Rowe v. Watered Down Farms

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576 P.2d 172 (1978)

Clarence ROWE, Petitioner, v. WATERED DOWN FARMS, a joint venture, Respondent.

No. C-1268.

Supreme Court of Colorado, En Banc.

March 27, 1978.

Rasband & Davies, Joseph A. Davies, Denver, for petitioner.

Leo W. Kennedy, Lakewood, for respondent.

*173 LEE, Justice.

This case presents the issue of whether a motion for a new trial is a jurisdictional prerequisite for appellate review of the denial of a motion to vacate a default judgment. We reverse the court of appeals' decision in Watered Down Farms v. Rowe, Colo.App., 566 P.2d 710, and hold that a motion for a new trial must be made unless the C.R.C.P. 60(b) hearing on the motion to vacate does not involve "controverted issues of fact."

Respondent Watered Down Farms filed an action in Yuma County District Court on December 29, 1975, against petitioner Clarence Rowe. The complaint alleged breach of contract and sought actual damages of $153,217.06 and exemplary damages of $459,652. Petitioner filed an answer, but failed to appear for a hearing on motions on January 15, 1976. The matter was continued until January 22, but petitioner again failed to appear. The court conducted the hearing without petitioner and set trial for February 20.

On February 20, petitioner's daughter appeared and requested a two-week continuance. Trial was reset for March 25. Petitioner again failed to appear. Nonetheless, the court heard respondent's evidence and entered a default judgment against petitioner for $211,872.50 actual damages, $100,000 exemplary damages, and body execution.

Petitioner filed a Motion to Set Aside Default or, In the Alternative, For Relief From Judgment Under Rule 60(b). The ground stated for relief was "excusable neglect," based upon the fact that the petitioner was hospitalized by order of his physician and could not appear for trial. At the hearing on June 1, the court heard arguments of counsel and received an affidavit from petitioner's physician. On August 12, the court denied petitioner's motion to vacate the judgment of default, but did set aside the award of exemplary damages and body execution. On September 10, without moving for a new trial on the denial of his motion to vacate the default, petitioner filed a notice of appeal. Respondent cross-appealed the modification of the judgment which excised the exemplary damages and body execution.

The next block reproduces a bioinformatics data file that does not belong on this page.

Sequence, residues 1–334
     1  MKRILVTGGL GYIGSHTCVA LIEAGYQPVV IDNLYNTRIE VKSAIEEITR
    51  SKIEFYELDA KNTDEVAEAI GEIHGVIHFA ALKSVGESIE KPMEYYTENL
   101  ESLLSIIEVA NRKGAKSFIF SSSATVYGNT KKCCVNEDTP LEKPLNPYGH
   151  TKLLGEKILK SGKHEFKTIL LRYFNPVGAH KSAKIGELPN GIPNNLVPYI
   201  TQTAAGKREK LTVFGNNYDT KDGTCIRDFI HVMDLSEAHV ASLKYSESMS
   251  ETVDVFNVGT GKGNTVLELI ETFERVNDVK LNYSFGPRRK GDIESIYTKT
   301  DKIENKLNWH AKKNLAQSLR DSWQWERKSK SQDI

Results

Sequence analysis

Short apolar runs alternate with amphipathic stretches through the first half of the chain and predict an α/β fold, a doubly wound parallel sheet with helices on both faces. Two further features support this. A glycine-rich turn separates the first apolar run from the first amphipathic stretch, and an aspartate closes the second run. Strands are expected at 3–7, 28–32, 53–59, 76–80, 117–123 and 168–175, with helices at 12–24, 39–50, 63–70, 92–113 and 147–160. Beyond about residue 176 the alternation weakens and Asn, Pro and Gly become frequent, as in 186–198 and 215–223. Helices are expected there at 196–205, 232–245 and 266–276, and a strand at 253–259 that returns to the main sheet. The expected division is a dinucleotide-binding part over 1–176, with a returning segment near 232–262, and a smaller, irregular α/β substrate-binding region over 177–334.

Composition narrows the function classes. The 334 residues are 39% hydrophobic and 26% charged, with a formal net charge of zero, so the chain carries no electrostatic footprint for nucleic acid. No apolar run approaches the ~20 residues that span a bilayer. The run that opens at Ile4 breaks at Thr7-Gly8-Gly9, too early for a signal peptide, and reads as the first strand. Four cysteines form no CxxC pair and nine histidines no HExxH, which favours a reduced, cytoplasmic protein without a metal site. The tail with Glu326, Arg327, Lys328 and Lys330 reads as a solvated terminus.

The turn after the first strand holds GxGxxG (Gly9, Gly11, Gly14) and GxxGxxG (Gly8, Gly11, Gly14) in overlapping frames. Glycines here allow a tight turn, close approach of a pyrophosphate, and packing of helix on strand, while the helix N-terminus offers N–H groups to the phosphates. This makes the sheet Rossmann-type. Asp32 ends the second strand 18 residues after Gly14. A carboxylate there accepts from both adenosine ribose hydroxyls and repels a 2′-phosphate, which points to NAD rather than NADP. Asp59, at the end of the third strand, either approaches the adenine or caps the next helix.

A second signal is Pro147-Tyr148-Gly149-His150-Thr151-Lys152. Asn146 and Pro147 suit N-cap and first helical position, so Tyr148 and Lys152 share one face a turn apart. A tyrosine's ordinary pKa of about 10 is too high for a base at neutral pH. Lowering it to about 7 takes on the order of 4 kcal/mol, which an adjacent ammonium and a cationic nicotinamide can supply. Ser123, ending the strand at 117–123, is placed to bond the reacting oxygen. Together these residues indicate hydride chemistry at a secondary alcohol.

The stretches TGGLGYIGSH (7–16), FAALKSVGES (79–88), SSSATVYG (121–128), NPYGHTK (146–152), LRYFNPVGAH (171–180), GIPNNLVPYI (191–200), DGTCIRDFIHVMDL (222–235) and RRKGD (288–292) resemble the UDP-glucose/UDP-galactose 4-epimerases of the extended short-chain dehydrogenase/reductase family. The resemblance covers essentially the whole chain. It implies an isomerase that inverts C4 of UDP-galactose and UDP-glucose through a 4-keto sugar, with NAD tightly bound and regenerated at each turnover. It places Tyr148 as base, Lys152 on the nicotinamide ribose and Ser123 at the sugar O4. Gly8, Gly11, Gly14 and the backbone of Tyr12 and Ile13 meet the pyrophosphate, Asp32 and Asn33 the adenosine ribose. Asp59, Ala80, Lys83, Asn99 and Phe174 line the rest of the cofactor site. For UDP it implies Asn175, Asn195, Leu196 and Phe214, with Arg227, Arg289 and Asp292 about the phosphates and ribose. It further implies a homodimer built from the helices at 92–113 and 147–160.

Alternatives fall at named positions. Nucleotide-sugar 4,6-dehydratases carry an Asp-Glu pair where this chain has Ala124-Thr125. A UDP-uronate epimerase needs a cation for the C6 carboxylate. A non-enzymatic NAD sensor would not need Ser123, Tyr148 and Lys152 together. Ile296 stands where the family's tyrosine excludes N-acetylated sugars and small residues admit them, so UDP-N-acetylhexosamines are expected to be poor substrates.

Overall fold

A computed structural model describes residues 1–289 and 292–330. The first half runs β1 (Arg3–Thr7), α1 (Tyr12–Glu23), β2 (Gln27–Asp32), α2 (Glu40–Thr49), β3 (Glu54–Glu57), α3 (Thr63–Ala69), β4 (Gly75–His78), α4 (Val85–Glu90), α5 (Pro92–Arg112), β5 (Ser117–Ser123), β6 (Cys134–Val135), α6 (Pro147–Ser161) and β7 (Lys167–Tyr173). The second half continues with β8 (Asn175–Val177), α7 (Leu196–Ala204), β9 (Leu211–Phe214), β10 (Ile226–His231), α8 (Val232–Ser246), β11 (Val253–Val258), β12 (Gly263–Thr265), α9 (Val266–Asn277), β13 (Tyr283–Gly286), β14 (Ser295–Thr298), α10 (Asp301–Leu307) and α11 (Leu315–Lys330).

In a split decision, the court of appeals dismissed both appeals. The court observed that, while there are exceptions to the requirement under C.R.C.P. 59(f) that a motion for a new trial be filed as a prerequisite to appellate review, the hearing on the C.R.C.P. 60(b) motion was not one of the exceptions. It perceived the question of "excusable neglect" to involve "controverted issues of fact," and therefore held that petitioner should have filed a new trial motion to entitle him to appeal as required by Rule 59(f). The appeal was then dismissed for lack of subject matter jurisdiction.


C.R.C.P. 60 does not specify whether a party may directly appeal a trial court's ruling on a Rule 60(b) motion or whether the filing of a motion for a new trial is a condition precedent to such an appeal.

As a general rule, a timely motion for a new trial is a jurisdictional prerequisite for appellate review of a lower court decision. In Re Marriage of Gardella, Colo., 547 P.2d 928. C.R.C.P. 59(f) specifically provides that a motion for a new trial is necessary for appeal when one is "claiming error in the trial of any case (except as provided in section (h) of this Rule) * *." Rule 59(h) specifies when a motion for a new trial is not necessary and reads as follows: